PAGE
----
Chuck Klosterman on Film and Television

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Klosterman: Television is already the most dynamic technological experience when it comes to entertainment.

Pop-culture essayist Chuck Klosterman takes a walk on the dark side

The experience of watching television now is drastically different from what it was 20 years ago. Whereas with music or reading, certain elements and aspects change but the experience of hearing a song is — from a physiological standpoint — the same as it was years ago. Reading is a static thing fundamentally. But TV is taken so seriously now, it has really changed the experience completely.


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Joyce Carol Oates wrote an essay for TV Guide about Hill Street Blues in about and it starts with her saying how embarrassed and ashamed she is to admit that she and her smart friends find themselves often talking about this TV show. When something becomes that meaningful, it changes the experience of watching it.

TV used to be relaxing. Now you have to concentrate. Reynolds: Yes, watching the box used to be almost like an opiate or a tranquilizer — idle skimming through the channels. Now you make appointments. You manage your viewing and stockpile it. You binge an entire series. And you have to pay close attention, for fear of missing a key bit of dialogue or a narrative twist.

Klosterman: With TV in the past, there was no expectation you were going to have to concentrate. And if you missed an episode of a TV show, you just missed it — no big deal. Nowadays just about the only thing people watch to unwind still is sports. For most of human history, dreams were considered highly significant — they had oracular meaning, they warranted being interpreted. In the early 20th century you had Freud and Jung analyzing the symbolic language of dreams, and an artistic movement, surrealism, that drew inspiration from dreams.

But even as recently as the s, books about the meaning of dreams were popular.

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As a teenager, I kept a detailed dream diary. Why is that?

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Klosterman: Freud and Jung were the apex of looking at dreams seriously. But more recently you have scientists who map the brain, like these two guys at Harvard who came to the conclusion that dreams are just leftover thoughts from the day. The conclusion of all this neurological research was that the content of dreams is worthless. Those ideas have filtered out to the secular, intelligent public and the general view now is that dreams are a waste of time to think about. In the book, though, I wonder if this is something that we could be wrong about. I understand the rational argument against dreams, but something feels important to me about them.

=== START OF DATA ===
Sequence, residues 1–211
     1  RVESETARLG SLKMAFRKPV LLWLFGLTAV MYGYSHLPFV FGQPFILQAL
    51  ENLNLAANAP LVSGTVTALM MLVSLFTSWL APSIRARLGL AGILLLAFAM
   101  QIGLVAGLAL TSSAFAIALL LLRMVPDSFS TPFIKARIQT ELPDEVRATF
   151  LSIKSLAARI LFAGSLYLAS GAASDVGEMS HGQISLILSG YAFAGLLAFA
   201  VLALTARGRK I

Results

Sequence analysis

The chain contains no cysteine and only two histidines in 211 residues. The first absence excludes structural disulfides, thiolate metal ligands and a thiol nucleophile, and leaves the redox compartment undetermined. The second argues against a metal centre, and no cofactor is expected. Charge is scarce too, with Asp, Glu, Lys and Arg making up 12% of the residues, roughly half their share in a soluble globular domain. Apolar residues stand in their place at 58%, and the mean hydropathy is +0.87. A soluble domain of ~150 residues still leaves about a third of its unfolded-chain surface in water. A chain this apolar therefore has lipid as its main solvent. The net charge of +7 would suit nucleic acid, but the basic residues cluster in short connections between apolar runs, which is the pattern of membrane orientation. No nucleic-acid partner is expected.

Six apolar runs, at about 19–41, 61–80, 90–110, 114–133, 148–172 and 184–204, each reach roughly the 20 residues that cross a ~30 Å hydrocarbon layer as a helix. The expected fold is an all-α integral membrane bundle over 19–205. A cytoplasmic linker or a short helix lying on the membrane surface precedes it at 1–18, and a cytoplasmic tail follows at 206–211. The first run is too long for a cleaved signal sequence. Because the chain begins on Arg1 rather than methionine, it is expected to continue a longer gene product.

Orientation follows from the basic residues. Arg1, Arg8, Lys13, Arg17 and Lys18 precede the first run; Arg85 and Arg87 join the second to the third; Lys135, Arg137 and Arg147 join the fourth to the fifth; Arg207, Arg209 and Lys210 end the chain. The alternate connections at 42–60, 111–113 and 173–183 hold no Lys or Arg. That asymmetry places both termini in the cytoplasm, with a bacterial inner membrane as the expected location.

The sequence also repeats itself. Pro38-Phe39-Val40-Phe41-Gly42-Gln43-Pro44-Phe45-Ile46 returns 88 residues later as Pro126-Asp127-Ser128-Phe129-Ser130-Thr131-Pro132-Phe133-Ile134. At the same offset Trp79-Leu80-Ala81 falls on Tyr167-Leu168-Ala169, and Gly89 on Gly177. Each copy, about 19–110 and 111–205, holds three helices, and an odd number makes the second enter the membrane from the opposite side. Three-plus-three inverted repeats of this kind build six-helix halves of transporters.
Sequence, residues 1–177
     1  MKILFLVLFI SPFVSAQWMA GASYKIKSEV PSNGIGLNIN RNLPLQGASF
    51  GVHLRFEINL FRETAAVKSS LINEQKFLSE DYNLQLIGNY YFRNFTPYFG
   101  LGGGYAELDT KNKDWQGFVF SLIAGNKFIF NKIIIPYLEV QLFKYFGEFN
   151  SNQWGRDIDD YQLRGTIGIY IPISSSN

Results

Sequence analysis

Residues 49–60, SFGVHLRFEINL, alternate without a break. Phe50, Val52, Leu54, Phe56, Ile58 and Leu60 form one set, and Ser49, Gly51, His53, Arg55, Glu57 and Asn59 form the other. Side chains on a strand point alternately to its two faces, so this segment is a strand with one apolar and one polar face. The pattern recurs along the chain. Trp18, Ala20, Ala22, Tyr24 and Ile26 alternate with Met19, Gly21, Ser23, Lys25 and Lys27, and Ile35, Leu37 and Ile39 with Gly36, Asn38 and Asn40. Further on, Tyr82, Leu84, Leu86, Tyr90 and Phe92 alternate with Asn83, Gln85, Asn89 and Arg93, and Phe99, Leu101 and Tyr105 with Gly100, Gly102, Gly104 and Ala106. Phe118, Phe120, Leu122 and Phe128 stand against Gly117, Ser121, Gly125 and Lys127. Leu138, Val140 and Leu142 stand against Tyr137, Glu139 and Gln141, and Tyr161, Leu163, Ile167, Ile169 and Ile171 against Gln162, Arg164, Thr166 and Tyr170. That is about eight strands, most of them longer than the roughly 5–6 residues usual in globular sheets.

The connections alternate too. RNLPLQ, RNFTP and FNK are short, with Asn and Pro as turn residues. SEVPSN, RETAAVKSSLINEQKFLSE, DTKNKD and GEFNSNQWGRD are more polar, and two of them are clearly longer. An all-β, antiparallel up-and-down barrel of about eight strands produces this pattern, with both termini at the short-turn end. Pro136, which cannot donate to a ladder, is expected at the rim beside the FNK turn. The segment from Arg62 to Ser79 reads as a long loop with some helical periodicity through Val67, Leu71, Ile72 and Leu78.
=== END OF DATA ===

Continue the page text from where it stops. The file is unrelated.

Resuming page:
Reynolds: One thing I wondered was if the downgrading of dreams as a cultural interest had some relation to digital technology: video games, the internet, computers generally. Has the virtual displaced the oneiric?

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Contemporary artists are more stimulated by digital technology and internet culture. Do we no longer pay attention to dreams because we are so involved with digitally enabled zones of make-believe and magic? And does that also affect a different kind of dreaming that we do in our waking hours — daydreaming? Overall, it feels like these interior and reflective mental activities have declined in the scheme of things — and that this must have something to do with the rise of the internet and social media.

Just waiting in line for the bank, nowadays I would always look at my phone. My mind is attached most of the time to something specific. But once, waiting in line, I would have daydreamed — my mind was elsewhere. Perhaps those five or 10 minutes of daydreaming had value. Reynolds: One interesting thing about your writing style, which is unusual in arts and culture writing — perhaps more common in popular science writing — is the way you reason out an argument. You set out a proposition and then logically follow it through, methodically raising the counter-arguments, the evidence that contradicts it.

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News videos. Explainer videos. Sport videos. Money transfers. Health insurance.

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